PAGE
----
MAIA WESTRUPP, a talented volleyballer and rugby and tennis player from Whakatane, New Zealand, had not touched a Sherrin until day one of a recent testing camp. Nobody even thought of the ''T'' factor when Melbourne signed him a week later.
Greater Western Sydney fleshed out its international rookie stocks by adding a midfielder from the Danish Vikings named Aksel Bang to its speculative global stocks, a punt that has already prompted a ''Sheedy Sheedy Bang Bang'' headline. Last week, Tadhg Kennelly was back home overseeing a Dublin training camp, searching for the next, well, Tadhg Kennelly.
These are now commonplace fields for the farming of shoots that might one day grow into AFL footballers. Another crop is also surfacing, of young men who, like Westrupp and Bang, not so long ago would not have contemplated a career in footy in their wildest dreams. The difference is, they've been right under our noses the whole time.
In Blacktown on Sunday, Dean Towers - a wing-heeled 22-year-old the Swans hope will launch rebounding attacks off half-back in the manner of a certain jigging Irishman - will debut in red and white. Melbourne's Dom Barry, Collingwood giant Brodie Grundy and second-year star on the rise Jeremy Cameron are other recent fast-forward footballers.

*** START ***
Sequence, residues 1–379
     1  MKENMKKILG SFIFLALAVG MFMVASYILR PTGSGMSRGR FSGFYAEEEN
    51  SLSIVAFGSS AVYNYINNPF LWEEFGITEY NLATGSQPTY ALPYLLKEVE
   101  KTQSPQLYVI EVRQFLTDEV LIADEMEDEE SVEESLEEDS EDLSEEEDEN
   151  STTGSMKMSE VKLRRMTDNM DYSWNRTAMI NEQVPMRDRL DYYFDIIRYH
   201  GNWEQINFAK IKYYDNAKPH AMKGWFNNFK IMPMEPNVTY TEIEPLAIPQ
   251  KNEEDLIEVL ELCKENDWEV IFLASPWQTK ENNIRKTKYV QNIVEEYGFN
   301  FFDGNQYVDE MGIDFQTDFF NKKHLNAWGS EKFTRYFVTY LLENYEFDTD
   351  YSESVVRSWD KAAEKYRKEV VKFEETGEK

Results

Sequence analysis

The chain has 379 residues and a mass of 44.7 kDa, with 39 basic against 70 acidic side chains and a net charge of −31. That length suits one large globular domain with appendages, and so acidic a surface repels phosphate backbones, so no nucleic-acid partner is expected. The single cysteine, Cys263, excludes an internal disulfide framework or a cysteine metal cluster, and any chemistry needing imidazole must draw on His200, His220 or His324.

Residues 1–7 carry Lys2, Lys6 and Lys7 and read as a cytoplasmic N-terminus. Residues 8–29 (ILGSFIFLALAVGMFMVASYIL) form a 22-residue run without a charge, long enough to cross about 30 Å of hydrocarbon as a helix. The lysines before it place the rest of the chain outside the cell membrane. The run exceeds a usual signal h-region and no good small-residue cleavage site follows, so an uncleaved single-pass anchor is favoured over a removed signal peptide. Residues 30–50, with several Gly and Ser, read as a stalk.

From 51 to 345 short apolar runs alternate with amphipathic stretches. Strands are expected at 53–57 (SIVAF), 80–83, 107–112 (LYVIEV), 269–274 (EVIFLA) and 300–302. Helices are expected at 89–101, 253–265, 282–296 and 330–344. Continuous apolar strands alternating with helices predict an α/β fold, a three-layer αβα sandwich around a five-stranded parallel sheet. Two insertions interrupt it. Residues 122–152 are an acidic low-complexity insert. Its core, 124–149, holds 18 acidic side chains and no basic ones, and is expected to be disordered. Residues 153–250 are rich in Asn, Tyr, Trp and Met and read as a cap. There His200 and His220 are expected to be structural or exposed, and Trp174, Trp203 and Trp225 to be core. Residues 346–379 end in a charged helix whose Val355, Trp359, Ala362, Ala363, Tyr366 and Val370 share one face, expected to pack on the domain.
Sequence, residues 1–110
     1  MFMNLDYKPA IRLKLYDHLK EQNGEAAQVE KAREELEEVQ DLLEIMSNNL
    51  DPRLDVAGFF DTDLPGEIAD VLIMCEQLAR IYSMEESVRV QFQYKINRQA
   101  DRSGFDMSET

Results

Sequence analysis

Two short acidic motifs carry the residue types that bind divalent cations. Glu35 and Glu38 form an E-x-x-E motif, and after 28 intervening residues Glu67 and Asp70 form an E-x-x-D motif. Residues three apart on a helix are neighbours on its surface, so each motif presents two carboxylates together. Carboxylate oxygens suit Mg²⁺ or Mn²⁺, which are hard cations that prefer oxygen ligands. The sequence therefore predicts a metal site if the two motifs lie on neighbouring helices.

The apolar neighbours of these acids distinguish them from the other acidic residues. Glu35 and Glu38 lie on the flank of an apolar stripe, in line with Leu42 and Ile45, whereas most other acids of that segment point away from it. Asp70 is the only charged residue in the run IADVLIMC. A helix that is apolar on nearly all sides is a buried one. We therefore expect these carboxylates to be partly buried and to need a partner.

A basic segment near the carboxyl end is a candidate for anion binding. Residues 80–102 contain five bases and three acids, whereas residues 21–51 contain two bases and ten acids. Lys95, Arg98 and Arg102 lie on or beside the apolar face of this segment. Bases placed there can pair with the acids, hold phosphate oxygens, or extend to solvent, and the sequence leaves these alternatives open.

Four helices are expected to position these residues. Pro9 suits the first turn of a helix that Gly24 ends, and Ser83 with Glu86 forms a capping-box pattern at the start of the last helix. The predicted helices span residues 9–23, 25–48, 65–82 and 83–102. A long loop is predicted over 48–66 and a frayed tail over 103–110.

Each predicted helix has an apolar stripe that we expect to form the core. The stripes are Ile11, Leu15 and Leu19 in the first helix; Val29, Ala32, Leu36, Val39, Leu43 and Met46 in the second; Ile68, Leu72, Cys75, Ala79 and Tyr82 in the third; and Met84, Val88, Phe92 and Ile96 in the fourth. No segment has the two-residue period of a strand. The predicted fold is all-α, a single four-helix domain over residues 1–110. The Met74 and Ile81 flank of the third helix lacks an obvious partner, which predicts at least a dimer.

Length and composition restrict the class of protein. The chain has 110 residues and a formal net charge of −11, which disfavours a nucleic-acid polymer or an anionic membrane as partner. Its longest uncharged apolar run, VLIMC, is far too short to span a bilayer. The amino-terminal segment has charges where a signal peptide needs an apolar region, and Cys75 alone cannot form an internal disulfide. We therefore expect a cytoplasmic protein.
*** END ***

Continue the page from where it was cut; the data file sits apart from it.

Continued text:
Talented youngsters have long excelled at multiple sports before throwing their lot in with footy, but to come to the game late and find yourself on an AFL list in a few short years is some progress. It's hard to imagine an English lad taking up football at 15 and being signed by Arsenal while still a teenager.
The AFL's talent identification guru, Kevin Sheehan, cautions that the vast majority of draftees still tread the traditional path, through under-age ranks and into the TAC Cup. But like the mature-aged wave of recent years, the late-starters are growing in number.
Sheehan says scouts are ''continually looking for those little gems we might not know are there, in our own backyard. It's tricky finding them if they're not playing.''